How My Husband and I Navigate Marriage and Chronic Illness Together
Imagine you’re standing at the edge of the water, enjoying the breathtaking view of the sunset, only for it to turn into a nightmare. Your view is now of your “better half” slowly sinking into the water. Of course, as anyone’s reaction would be, you try to help get them out of the water, but it just makes it worse. After numerous attempts, your only option is to sit there and watch them struggle to tread water, barely keeping their head up. That is the reality of what many spouses of someone living with a debilitating chronic disease have to accept.
Helplessness is probably one of the worst feelings you’ll ever feel, especially when it comes to someone you deeply love. It’s like having to swallow a pill 10 sizes bigger than your mouth. No matter how hard you try and how many different ways you try, it’s physically impossible to swallow that pill. You don’t want to accept that nothing can be done, that you can’t fix the problem. As my husband and I have learned, it’s more about diving in the water to float right along with your spouse than it is actually saving them.
As someone who has lived with multiple sclerosis for over 16 years, nearly to the point that I’ve lived longer with it than without it, I can say without any doubt that the love and support from a spouse is the best sort of life preserver ever. While the life preserver won’t completely get us out of the water, it sure makes treading the waves a lot more bearable. We don’t need or want someone to move the mountains standing in our way, we want someone to climb them right alongside us, and then rejoice in the beauty of looking back down.
My life has been and will always be a continuous hike up and down a forever going range of mountains. No matter how tired I become, I have only one choice, and that is to keep trekking up the hills or risk sinking further into the water. While it may have taken my husband and I a while to find a steady pace with our climbs, our greatest climb ever was when we realized what we needed from each other in order to keep going.
While my husband doesn’t feel the agonizing and relentless pain I do, he has to feel it in his heart and soul. He has to look at me, while I’m on the floor, completely paralyzed from the pain, in tears with vomit dripping off my chin claiming that I can’t do any longer and put a smile on his face and help me fight through it. Yet somehow, he still finds me beautiful and wants to walk beside me in life knowing that this will forever be our way of living. Never knowing when or how hard it’s going to hit me, but being ready all the same.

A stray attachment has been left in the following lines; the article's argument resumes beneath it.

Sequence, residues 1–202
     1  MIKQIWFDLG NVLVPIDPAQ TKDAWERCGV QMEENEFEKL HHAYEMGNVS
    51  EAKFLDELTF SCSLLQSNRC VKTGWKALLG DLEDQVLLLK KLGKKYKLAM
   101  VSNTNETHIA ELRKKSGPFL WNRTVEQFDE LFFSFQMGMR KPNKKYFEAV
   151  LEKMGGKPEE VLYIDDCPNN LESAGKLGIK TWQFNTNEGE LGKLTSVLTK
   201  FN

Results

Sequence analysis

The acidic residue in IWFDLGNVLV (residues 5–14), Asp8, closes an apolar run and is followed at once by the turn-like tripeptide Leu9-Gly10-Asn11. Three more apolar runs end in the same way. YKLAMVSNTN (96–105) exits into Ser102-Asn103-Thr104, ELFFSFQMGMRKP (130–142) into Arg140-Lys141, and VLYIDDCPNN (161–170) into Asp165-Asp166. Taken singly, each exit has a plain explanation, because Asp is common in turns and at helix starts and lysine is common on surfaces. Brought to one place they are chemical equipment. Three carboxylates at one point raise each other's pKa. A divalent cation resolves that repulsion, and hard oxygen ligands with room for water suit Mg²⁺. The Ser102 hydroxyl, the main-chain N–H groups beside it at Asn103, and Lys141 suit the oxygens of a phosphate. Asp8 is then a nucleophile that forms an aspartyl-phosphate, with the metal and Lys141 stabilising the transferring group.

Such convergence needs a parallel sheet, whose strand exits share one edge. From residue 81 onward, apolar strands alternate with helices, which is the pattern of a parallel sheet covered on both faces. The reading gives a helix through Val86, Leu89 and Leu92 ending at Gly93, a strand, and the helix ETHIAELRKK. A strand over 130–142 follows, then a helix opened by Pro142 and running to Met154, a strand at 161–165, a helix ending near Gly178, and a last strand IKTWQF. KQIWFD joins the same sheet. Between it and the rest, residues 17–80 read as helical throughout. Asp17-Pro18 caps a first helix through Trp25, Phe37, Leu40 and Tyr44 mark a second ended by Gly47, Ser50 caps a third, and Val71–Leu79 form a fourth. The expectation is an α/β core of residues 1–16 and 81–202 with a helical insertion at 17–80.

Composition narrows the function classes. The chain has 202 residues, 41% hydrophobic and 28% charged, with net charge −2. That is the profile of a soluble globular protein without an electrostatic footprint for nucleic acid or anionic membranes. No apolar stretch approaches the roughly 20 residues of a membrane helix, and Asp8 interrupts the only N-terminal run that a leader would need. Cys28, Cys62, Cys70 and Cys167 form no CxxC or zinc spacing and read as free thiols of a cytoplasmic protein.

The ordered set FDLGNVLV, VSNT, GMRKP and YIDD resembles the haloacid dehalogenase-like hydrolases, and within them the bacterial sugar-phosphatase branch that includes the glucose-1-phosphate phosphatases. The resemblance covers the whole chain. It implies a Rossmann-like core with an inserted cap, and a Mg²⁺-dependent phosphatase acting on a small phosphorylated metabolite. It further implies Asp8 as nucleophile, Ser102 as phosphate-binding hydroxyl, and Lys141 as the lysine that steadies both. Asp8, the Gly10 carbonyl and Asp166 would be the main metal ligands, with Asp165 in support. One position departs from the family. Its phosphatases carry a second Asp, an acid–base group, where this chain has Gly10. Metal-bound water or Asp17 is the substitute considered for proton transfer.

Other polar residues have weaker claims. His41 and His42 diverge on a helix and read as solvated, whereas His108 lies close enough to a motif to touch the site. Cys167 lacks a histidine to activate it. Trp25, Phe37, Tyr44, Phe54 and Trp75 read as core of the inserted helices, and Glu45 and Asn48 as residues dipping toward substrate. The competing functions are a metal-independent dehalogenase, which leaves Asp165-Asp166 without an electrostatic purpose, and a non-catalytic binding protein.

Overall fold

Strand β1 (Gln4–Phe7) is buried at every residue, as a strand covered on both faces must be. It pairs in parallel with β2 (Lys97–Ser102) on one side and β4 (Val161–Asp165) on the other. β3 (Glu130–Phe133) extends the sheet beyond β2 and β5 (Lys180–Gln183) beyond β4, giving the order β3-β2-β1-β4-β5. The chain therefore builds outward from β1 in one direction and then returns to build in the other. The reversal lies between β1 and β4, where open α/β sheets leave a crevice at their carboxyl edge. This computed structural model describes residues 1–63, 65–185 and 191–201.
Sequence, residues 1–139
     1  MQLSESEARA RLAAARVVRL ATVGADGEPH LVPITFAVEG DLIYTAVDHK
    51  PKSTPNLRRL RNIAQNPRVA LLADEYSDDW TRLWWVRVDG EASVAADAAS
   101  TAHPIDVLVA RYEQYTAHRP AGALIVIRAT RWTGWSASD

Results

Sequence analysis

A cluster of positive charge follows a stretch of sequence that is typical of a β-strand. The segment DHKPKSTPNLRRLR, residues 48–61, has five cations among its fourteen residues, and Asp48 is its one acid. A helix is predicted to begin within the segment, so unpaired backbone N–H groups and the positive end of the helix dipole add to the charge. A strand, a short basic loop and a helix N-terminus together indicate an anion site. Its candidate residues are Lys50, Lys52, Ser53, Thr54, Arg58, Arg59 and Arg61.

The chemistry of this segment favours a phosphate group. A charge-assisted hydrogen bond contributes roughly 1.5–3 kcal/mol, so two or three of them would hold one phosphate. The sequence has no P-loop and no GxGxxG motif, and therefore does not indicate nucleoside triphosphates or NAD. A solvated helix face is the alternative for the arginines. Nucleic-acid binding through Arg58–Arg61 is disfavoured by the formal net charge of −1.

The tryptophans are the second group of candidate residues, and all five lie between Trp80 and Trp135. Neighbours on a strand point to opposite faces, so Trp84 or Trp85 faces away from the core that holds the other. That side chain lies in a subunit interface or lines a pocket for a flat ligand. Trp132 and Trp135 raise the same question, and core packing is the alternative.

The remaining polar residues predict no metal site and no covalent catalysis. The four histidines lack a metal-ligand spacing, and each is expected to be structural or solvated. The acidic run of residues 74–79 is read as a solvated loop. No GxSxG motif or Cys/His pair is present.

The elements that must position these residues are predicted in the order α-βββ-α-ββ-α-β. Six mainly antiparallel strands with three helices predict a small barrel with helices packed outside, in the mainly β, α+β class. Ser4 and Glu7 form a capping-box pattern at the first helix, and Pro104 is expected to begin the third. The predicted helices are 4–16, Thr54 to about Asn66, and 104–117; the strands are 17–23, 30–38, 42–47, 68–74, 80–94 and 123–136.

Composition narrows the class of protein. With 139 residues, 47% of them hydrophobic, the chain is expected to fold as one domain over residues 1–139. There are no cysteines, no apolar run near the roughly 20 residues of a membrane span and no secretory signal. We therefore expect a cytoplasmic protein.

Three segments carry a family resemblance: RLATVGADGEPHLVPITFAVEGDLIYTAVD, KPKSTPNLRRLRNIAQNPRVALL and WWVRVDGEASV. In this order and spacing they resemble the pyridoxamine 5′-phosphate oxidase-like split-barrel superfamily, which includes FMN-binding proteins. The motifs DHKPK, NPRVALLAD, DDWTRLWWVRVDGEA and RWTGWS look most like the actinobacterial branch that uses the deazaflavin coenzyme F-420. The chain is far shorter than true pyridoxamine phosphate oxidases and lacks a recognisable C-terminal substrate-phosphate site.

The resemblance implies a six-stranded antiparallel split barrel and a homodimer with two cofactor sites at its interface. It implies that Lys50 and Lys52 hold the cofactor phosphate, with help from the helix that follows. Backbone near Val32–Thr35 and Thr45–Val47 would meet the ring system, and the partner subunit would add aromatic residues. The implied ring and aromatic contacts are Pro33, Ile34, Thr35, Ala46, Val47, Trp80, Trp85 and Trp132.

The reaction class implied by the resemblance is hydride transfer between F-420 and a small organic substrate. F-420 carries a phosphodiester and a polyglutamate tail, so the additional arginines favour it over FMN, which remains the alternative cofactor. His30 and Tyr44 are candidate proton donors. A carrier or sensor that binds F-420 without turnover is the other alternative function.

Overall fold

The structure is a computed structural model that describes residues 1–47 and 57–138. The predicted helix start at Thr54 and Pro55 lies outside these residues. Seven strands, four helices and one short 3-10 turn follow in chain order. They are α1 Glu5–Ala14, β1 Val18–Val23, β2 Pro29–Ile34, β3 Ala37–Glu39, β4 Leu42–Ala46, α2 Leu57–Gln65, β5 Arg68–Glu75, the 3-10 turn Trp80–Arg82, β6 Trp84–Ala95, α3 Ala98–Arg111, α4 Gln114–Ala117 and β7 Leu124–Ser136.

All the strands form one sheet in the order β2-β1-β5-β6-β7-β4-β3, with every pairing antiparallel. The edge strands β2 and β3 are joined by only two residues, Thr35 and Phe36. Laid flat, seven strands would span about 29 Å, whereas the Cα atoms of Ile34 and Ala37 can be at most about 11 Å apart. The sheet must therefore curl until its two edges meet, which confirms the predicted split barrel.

Living with a chronic disease, every day is a surprise, even every hour can change how you feel. If it’s not the pain or the brain fog taking you under, it’s the fatigue. Fatigue is so often overlooked by those who have never experienced it. Fatigue is not being dead on your feet after a long week of constant busyness. Fatigue is waking up after a good 12 hours of sleep to be so drained that it takes everything you have to lift your arm to shut off your annoying alarm clock buzzing right next to your head. Fatigue is wanting to get up and do something you enjoy so badly, but your body can’t move.
My husband once again throws me my life preserver by being able to look at my face and body and know I need a break. He has no guilt or burden, as I often do, when telling others to take a hike because I need to rest. He doesn’t make me feel guilty for having to nap numerous times a day or having a day go by when I didn’t complete anything at all. While he has no idea how the fatigue feels, he knows the results of pushing through the fatigue and happily accepts my need for sleep.
The toughest emotional issue many with chronic illness face is the stigma and judgment from others. My husband never questions or doubts me about how I’m feeling because he knows. He lives it with me. It’s as much his struggle as it is mine. He gives me empathy, not sympathy. I return the gesture with honesty. I remove my mask and allow him to see me at my worst. While that can be very raw for someone with an, at times, invisible illness, I’ve learned that it’s more comforting for a partner to see it firsthand. Instead of constantly trying to guess and worry about what we’re hiding behind our facade, they see the same smile everyone else sees and know what is hidden behind it.
Losing your independence can be soul-crushing for many; but as I’ve learned you’re not losing, you’re gaining. You’re gaining a piece of someone else, an extra shoulder to lean on, a leg to stand on, a mind to see things with and a soul to soar with. My husband deserves the title of hero just as much as Superman himself. While he claims that I’m the strong one, what he doesn’t know is that I gather my strength and courage from him. While neither of us enjoys having this unrelenting third wheel in our relationship, the one thing we’ve learned through our journey is that with love and support, we can make mountains seem like anthills.
Getty image by Noel Hendrickson.